Parachute Jumper

Movie Information

Yes, it has a ridiculous (and largely meaningless) title and was always referred to by Bette Davis as "idiotic" (well, her role kind of is), but Alfred E. Green's Parachute Jumper (1933) is really a lot of racy Pre-Code fun — with gags and references that would become impossible under regulations enforced one year later. It has loose women, sexuality, bootlegging, drugs and one of the more outrageous depiction of gays ever. It's primarily a comedic action vehicle for Douglas Fairbanks Jr. as a washed-up Marine pilot making his way — by any means that comes along — in the Depression.  
Genre: Comedy Action Gangster Story
Director: Alfred E. Green (The Jolson Story)
Starring: Douglas Fairbanks Jr., Bette Davis, Leo Carrillo, Frank McHugh, Claire Dodd
Rated: NR




Though much derided by Bette Davis — it was one of the “idiotic” movies she always cited as the reason she sued Warner Bros. for better parts — Parachute Jumper is actually something of a Pre-Code delight, if a rather strange one. Not the least strange thing is its title. Yes, for a span of about five minutes star Douglas Fairbanks Jr. is indeed an exhibition parachute jumper. But if the film had to be named after one of his jobs during the course of the proceedings, Marine Flyboy, Chauffeur, Kept Man, Bodyguard, Bootlegger, or Dope Smuggler would have done as well, and possibly better. As might be guessed from the range of occupations Mr. Fairbanks undertakes over the movie’s brisk 71 minutes, Parachute Jumper is a tale of the Depression when work was hard to come by. Fairbanks plays Bill Keller, who, along with his friend Toodles (Frank McHugh), is kicked out of the Marines in the film’s opening. The two head for New York to take jobs for a commercial aviation company, only to find the business has gone belly-up by the time they get there. Along the way, Bill picks up down-on-her-luck Patricia “Alabama” Brent (Davis) and takes her to share his poverty with Toodles — nothing indecent, mind you, though he does make an attempt at it.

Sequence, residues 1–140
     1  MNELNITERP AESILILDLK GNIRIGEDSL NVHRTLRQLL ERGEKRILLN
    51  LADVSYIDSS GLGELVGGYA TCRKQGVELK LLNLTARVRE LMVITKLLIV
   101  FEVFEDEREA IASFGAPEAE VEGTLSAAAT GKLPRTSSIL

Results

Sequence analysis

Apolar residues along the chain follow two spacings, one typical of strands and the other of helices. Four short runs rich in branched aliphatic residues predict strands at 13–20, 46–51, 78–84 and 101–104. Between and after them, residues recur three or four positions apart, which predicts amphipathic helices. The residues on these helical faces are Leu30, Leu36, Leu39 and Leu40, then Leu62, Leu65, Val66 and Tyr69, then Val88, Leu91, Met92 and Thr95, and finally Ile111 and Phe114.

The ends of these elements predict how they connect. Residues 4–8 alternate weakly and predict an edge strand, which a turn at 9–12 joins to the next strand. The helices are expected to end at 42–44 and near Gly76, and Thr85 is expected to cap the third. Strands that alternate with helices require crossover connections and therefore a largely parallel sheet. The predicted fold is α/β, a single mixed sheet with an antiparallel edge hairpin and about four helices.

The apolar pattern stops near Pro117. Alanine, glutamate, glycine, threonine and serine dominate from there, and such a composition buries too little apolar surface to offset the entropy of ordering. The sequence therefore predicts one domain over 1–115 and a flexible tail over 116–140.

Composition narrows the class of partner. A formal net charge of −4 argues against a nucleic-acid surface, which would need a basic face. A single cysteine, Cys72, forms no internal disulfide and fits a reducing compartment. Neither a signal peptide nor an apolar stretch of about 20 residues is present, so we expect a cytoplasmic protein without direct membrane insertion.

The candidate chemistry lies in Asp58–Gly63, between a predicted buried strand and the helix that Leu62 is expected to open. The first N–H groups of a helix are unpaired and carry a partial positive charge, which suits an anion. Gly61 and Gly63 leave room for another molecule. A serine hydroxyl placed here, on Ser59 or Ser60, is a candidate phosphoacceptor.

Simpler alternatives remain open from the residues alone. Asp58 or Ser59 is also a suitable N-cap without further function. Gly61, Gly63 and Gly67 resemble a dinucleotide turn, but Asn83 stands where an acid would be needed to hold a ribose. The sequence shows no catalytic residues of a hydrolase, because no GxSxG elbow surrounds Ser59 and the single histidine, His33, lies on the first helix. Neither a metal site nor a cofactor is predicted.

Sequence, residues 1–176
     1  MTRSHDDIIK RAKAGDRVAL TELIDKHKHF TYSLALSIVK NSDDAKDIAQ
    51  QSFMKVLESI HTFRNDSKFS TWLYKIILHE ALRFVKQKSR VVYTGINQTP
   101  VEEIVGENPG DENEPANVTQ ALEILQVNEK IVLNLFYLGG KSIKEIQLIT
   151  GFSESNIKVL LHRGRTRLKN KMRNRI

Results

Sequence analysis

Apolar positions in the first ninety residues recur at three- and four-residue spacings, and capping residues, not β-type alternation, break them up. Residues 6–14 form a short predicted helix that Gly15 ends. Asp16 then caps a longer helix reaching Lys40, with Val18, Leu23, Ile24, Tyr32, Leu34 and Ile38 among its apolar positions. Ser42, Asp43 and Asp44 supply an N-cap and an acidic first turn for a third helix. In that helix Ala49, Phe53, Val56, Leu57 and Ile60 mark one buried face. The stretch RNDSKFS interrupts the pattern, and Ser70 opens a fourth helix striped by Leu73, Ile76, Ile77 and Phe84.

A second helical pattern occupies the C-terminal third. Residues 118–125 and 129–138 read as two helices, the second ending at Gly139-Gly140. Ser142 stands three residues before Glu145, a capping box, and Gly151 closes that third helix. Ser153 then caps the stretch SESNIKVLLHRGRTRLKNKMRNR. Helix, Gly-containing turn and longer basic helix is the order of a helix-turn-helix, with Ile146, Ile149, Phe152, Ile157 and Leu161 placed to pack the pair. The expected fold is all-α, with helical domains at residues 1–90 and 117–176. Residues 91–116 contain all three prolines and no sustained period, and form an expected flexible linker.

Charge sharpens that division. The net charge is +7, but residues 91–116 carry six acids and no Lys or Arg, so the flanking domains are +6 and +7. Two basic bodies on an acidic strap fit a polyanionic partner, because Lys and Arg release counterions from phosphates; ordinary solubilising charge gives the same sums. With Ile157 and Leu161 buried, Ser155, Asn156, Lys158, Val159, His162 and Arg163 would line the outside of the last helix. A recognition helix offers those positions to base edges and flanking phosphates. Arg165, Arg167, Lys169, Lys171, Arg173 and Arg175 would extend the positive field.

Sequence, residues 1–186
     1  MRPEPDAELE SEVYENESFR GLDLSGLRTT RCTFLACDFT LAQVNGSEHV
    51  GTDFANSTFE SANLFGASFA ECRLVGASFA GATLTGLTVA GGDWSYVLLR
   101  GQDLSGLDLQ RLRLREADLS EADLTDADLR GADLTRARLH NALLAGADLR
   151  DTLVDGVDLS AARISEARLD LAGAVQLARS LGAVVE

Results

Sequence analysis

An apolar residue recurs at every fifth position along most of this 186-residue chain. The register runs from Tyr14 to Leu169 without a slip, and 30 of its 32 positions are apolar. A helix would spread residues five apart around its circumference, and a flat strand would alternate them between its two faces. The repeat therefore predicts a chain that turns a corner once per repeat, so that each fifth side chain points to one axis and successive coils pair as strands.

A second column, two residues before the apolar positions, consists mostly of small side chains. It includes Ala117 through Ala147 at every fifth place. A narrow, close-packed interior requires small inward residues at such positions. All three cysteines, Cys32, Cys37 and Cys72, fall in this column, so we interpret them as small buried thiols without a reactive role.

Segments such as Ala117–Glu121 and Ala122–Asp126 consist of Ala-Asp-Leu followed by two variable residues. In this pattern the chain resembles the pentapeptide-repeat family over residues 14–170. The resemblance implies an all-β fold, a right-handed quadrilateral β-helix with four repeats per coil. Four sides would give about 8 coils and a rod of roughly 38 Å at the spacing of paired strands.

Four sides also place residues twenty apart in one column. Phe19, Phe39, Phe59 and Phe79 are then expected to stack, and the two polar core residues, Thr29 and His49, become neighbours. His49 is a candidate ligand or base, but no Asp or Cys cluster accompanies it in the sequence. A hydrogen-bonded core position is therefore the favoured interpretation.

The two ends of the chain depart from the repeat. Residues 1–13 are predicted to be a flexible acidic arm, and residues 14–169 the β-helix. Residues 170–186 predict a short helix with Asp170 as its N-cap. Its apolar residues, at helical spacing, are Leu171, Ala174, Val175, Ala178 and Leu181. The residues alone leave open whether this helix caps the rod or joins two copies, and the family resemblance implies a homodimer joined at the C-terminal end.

The rest of the jobs — along with his romance with Alabama — make up the bulk of the movie. Considering the running time, you may reasonably conclude that Parachute Jumper wastes no time in telling its story. Yet it still has time to pepper the film with moments of great charm and the usual Warner Bros. early talkie array of risqué Pre-Code jokes. It’s really no surprise that Davis hated the film — her appalling Southern accent is on the embarrassing side, and she isn’t given much to do — but it’s all fast and funny, hard-boiled and slightly cynical. In other words, it’s the kind of early 1930s fare that only Warner Bros. could make. The always-underrated Alfred E. Green does a terrific job of keeping things moving and displays a knack for moving camerawork throughout. Viewers may be surprised to see Leo Carrillo — mostly associated with warm, comedic characters — as a ruthless and lecherous gangster, but he’s effective in the role.

 The Asheville Film Society will screen Parachute Jumper Tuesday, May 13, at 8 p.m. in Theater Six at The Carolina Asheville and will be hosted by Xpress movie critics Ken Hanke and Justin Souther.

About Ken Hanke
Head film critic for Mountain Xpress from December 2000 until his death in June 2016. Author of books "Ken Russell's Films," "Charlie Chan at the Movies," "A Critical Guide to Horror Film Series," "Tim Burton: An Unauthorized Biography of the Filmmaker."

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